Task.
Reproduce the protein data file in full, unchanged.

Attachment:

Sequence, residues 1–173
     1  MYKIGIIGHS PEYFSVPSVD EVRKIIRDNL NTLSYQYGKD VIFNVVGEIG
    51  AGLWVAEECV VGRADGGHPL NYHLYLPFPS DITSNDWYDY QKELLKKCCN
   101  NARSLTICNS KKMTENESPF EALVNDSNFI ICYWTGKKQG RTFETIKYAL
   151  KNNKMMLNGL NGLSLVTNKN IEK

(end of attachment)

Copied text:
Sequence, residues 1–173
     1  MYKIGIIGHS PEYFSVPSVD EVRKIIRDNL NTLSYQYGKD VIFNVVGEIG
    51  AGLWVAEECV VGRADGGHPL NYHLYLPFPS DITSNDWYDY QKELLKKCCN
   101  NARSLTICNS KKMTENESPF EALVNDSNFI ICYWTGKKQG RTFETIKYAL
   151  KNNKMMLNGL NGLSLVTNKN IEK